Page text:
HC Deb 21 January 1998 vol 304 cc1062-6
Mr. Ieuan Wyn Jones

I beg to move amendment No. 54, in page 2, line 39, leave out 'is to' and insert 'may'.

The Second Deputy Chairman

With this, it will be convenient to discuss amendment No. 55, in page 2, line 41, leave out 'is to' and insert 'may'.

Mr. Jones

These are probing amendments, and I want to draw the Minister's attention to the wording of the clause, which seems to imply that for an elector to have valid votes he or she must cast two votes. Subsection (1) says: Each person … shall have two votes", subsection (2) says: One … is to be given for a candidate … for the constituency", and subsection (3) says: The other … is to be given for … electoral region. What happens if an elector wants to cast only one vote? Will that vote be disqualified?

Mr. Win Griffiths

As far as we are concerned, the existing drafting offers no scope to suggest that the voters could cast their two votes other than as set out in the Bill. There is no compulsion to cast two votes. They will have two votes, and it will be up to them how they cast those votes. If we receive legal counsel to say otherwise, we will look at it again.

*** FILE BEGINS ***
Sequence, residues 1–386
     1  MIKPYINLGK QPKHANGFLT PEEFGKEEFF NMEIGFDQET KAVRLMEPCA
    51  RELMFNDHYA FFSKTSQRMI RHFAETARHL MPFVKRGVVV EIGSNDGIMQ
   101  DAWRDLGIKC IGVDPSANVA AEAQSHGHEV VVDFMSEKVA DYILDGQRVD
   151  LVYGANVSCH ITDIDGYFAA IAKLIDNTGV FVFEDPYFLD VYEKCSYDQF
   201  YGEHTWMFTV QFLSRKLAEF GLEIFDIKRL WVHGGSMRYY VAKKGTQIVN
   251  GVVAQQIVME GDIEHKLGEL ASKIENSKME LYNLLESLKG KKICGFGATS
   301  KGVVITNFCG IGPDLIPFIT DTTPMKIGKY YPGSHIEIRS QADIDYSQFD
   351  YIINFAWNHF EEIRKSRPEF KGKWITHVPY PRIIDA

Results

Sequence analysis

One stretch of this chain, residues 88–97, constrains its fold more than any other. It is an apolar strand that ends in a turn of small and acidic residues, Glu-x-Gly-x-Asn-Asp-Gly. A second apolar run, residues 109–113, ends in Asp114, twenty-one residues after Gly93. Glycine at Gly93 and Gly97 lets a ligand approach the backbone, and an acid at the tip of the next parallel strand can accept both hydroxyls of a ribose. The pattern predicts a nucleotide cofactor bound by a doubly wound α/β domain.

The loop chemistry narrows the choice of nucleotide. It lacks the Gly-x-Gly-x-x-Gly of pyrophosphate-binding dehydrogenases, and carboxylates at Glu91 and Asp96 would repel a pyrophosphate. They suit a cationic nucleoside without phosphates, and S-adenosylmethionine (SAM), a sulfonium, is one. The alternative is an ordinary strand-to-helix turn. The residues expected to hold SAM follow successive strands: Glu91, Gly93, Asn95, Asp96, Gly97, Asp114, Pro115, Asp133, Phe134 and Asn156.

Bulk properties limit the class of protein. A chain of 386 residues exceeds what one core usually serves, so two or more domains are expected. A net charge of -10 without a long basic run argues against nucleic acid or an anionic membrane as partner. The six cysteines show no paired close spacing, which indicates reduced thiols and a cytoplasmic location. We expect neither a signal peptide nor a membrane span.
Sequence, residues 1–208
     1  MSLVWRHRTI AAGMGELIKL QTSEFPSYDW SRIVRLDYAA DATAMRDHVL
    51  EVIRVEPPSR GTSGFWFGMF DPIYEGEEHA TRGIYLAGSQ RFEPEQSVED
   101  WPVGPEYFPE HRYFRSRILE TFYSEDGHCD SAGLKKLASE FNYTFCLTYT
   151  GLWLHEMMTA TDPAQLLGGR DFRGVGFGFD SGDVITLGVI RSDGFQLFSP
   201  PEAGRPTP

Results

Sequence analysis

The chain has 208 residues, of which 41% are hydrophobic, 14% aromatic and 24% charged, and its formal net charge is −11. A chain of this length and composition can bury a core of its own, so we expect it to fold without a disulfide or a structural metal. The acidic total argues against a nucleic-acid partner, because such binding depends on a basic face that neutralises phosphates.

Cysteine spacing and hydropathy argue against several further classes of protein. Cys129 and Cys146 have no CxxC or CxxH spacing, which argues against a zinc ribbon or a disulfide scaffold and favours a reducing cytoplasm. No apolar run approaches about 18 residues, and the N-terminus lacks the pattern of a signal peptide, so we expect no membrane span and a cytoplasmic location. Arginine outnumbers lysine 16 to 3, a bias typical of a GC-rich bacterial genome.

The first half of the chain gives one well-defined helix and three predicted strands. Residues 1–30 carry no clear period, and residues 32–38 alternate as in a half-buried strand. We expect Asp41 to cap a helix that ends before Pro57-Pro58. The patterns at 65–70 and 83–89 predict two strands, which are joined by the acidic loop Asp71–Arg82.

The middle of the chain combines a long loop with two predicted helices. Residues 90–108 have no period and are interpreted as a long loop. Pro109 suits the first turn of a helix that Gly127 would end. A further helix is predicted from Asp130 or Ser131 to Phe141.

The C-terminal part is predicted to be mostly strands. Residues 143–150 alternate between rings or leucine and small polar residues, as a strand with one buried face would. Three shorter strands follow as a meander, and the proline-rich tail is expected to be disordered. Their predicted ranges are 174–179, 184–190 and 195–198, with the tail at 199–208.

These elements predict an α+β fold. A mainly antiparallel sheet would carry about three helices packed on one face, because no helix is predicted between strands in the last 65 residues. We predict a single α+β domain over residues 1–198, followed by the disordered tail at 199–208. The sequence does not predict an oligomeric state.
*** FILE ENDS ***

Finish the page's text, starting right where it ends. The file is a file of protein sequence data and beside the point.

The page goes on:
Mr. Ieuan Wyn Jones

The difficulty we have is with the word "shall" in clause 4(1). Its normal construction implies an obligation on someone. If the clause had read "may" have two votes or that a single vote would not be disqualified, the position would have been clearer. I accept that the Minister may need to go away and think about the problem, but that point has been made to us.

Mr. Win Griffiths

I reassure the hon. Gentleman that we will consider the issue, although we do not believe that a change is needed.

Mr. Jones

Given that reply, I beg to ask leave to withdraw the amendment.

Amendment, by leave, withdrawn.

Mr. Livsey

I beg to move amendment No. 50, in page 2, line 42, at end insert— '(aa) a candidate who is a member of a registered political party which has submitted a list of candidates to be Assembly members for the Assembly electoral region in which the Assembly constituency is located,'.

The Second Deputy Chairman

With this,' it will be convenient to discuss the following amendments: No. 51, in page 2, line 43, after '(a)', insert 'a candidate who is a member of'. No. 30, in page 2, line 45, at end insert— '(ab) an individual who is one of the candidates on the list referred to in (a) above, or'. No. 57, in page 3, line 2, at end insert— '(3A) The names of the candidates of each political party standing for an electoral region shall appear on the ballot paper for that region.'.

Mr. Livsey